With the system now in full commercial production, Naked Energy is looking to expand its distribution globally. ‘We’re developing distribution partnerships in the UK and abroad, with new partnerships in Australia, the Netherlands, South Africa and Switzerland,’ says Mellor. For innovative technology, one of the challenges involves buy-in from potential customers, he says.

An 88m2 Array in the Netherlands

‘It’s about how to convince your customer that your technology is so much of a step forward, they want to buy it rather than the tested and proved incumbent, solar PV, which has been widely used for a decade. 

‘But we’ve found getting customers to understand the value of renewable heat is getting easier. CIBSE Members will already understand the necessity of decarbonising heat when calculating the carbon intensity of a building portfolio.’

While Naked Energy is currently developing larger-scale installation projects for VirtuPVT, the company is also keen to broaden the application space for deploying the solution. ‘Storage is one area we’re exploring. We’ve just put a grant application into BEIS for an innovation project on the scale of a single home, looking at seasonal storage, using our PVT and a number of other innovations – exploring what we call “beyond net zero housing”,’ says Mellor.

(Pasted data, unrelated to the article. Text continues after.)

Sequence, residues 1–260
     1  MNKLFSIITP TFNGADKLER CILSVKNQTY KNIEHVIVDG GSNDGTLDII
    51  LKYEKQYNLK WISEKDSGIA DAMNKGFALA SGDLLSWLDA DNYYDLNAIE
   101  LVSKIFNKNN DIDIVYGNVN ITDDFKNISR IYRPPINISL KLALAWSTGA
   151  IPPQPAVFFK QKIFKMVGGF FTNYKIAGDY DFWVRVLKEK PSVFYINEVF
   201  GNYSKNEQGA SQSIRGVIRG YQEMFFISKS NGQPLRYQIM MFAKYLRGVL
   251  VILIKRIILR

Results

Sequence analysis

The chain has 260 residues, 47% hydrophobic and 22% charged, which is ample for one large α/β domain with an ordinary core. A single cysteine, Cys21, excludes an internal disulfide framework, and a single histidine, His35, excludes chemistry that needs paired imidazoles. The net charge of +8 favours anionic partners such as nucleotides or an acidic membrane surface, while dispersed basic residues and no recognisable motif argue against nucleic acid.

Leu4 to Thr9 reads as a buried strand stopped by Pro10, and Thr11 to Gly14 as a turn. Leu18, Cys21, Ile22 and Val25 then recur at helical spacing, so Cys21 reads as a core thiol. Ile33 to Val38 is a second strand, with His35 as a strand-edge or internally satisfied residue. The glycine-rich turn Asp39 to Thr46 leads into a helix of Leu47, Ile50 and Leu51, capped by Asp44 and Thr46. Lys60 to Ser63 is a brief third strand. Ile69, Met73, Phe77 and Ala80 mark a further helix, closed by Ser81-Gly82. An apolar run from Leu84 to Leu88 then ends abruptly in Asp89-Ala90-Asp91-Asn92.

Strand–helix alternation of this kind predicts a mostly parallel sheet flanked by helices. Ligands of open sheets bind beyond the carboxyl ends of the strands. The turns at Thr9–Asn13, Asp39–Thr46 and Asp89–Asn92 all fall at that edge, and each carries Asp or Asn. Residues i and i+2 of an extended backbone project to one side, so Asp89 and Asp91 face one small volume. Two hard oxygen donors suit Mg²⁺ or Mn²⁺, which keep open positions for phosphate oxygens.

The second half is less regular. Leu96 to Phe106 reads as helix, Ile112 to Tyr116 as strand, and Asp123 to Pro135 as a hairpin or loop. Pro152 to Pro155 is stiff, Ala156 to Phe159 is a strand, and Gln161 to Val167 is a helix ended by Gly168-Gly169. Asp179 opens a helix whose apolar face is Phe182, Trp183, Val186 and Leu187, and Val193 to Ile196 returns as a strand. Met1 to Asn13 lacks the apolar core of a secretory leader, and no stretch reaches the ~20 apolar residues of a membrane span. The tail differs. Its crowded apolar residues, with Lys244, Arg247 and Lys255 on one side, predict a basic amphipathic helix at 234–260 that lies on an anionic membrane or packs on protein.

‘For example, storing heat in the ground in the summer to use for winter demand. If we can unlock that, it increases our potential market penetration possibly by a factor of 10, because it means you can do much larger projects for any given customer. And it also opens up the market for customers that only have a winter heating demand, such as offices and other non-domestic applications. There’s a lot more opportunity there, while areas such as heat-driven cooling are extremely interesting too.’

Solar heat’s potential

Winning a CIBSE Building Performance Award for VirtuPVT has been an important accolade for Naked Energy, says Mellor. It offers welcome recognition for the product’s innovative technology while raising its profile within the key building services engineering community.

‘It’s really valuable for us to receive this award from a highly respected organisation whose members are at the forefront of sustainability and driving the low carbon agenda in building services. It’s recognition in the context of the people we are dealing with, the key decision-makers who are integrating systems into buildings.’

It’s really valuable for us to receive this award from a highly respected organisation at the forefront of sustainability

Mellor believes VirtuPVT has the potential to be a mass-market solution. ‘How we solve the heat decarbonisation crisis will be a mix of technologies, but I see no reason why solar heat can’t be the answer to a large percentage of that. And in the UK, I don’t see why it can’t be our product. Internationally, solar heat in general is going to be on the rise in the coming years, and we’re one of the most innovative companies out there with an available product. So, we’re all very much tuned into this being a mass-market product.’